Rwandan genocide survivor’s story reaches all the way to America: A story of pain turned into hope

by August 13, 2012

NEW YORK – At age 14, Consolee Nishimwe suffered insurmountable physical and emotional torture during the Rwandan genocide. Her newly-released memoir, Tested to the Limit: A Genocide Survivor’s Story of Pain, Resilience and Hope, will inspire readers to remain hopeful despite life’s circumstances, and to live with love and tolerance for each other.

In 1994, Nishimwe and her family went into hiding for three months to evade capture and certain death. She was infected with HIV due to a sexual assault experienced during the genocide. In the end, she miraculously survived with her mother and younger sister, but her father and three brothers were brutally murdered.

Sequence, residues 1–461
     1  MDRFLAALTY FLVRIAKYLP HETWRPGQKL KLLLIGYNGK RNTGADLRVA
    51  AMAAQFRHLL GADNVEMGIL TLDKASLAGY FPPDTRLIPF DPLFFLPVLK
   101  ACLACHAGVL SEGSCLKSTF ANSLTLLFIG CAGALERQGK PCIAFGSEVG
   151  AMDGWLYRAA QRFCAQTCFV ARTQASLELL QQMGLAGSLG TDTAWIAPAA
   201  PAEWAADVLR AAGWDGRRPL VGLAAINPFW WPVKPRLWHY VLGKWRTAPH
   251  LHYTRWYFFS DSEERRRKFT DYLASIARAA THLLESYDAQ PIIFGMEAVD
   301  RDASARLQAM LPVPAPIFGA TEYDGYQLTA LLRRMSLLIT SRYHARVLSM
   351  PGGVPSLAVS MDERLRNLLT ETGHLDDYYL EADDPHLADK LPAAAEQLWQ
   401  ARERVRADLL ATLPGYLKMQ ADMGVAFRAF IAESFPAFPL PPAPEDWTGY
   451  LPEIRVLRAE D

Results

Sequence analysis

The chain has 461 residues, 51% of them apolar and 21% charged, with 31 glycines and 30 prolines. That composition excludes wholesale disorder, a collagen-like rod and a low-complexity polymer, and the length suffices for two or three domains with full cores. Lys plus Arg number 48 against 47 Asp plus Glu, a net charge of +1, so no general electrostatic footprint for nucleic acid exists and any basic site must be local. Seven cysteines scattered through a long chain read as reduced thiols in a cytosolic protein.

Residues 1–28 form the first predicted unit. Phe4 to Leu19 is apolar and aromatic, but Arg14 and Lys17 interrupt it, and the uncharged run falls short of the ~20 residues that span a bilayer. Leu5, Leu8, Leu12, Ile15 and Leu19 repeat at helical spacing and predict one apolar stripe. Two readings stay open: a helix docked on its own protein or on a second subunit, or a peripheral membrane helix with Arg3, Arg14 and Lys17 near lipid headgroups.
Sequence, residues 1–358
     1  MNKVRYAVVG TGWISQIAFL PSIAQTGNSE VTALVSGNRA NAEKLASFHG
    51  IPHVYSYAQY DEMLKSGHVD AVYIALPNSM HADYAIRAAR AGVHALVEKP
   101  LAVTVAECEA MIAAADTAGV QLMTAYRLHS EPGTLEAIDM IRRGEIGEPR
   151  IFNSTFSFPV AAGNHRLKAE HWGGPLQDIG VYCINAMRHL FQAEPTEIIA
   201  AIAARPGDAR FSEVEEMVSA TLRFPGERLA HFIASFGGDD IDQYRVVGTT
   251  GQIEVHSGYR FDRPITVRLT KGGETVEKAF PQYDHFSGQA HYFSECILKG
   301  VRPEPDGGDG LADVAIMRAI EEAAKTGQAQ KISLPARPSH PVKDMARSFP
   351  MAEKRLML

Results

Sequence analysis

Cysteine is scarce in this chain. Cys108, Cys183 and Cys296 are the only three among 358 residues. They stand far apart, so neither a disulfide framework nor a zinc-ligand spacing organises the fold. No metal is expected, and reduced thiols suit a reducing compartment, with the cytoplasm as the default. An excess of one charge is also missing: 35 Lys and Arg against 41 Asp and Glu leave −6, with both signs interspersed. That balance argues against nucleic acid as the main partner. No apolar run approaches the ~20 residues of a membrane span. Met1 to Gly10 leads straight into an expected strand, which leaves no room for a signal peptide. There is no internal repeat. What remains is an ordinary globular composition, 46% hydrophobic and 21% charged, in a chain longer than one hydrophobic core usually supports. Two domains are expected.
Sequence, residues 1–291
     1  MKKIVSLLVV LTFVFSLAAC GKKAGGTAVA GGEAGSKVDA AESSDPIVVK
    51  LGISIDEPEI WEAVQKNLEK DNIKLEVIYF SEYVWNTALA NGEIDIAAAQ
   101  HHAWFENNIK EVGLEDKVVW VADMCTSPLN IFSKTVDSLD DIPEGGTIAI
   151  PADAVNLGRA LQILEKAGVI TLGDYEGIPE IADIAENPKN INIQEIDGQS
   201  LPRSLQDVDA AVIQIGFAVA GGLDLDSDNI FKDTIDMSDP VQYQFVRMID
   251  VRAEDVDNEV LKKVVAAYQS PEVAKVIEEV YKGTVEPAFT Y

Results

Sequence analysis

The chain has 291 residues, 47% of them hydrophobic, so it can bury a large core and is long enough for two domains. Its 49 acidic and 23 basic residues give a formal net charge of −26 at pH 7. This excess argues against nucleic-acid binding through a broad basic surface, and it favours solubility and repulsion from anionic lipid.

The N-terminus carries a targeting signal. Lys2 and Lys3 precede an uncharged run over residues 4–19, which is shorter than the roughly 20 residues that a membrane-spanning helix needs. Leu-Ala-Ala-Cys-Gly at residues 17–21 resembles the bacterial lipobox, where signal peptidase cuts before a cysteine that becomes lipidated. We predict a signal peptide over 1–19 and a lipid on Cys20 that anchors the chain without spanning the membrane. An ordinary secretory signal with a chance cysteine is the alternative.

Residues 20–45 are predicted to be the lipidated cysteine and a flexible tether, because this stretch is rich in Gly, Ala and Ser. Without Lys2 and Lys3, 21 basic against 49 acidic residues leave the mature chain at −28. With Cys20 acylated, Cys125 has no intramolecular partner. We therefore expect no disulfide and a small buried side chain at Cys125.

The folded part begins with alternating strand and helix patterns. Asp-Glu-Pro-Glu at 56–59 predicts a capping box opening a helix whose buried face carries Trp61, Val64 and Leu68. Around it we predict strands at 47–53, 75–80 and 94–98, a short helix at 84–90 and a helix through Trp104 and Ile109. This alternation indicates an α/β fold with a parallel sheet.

Nishimwe’s life is a testament of hope and faith and provides lessons that will help those who may be coping with their own difficulties.

Now living in New York, she is a committed speaker on the genocide, a defender of global women’s rights and an advocate for other genocide survivors.

“I hope my story will help people to grow in love for their fellowmen and to refocus their views about others who were born different to them, and to accept them for who they are,” Nishimwe said.

For more information, visit

Tested to the Limit: A Genocide Survivor’s Story of Pain, Resilience and Hope

By Consolee Nishimwe

ISBN: 978-1-4525-4958-3 (sc), 978-1-4525-4960-6 (hc), 978-1-4525-4959-0 (e)

Approx. 218 pages

Dimensions 8.9 x 5.9 x 0.9 inches

Hardcover: $33.99

Softcover: $15.99

E-book: $5.99

Available at Amazon, Barnes & Noble, Balboa Press

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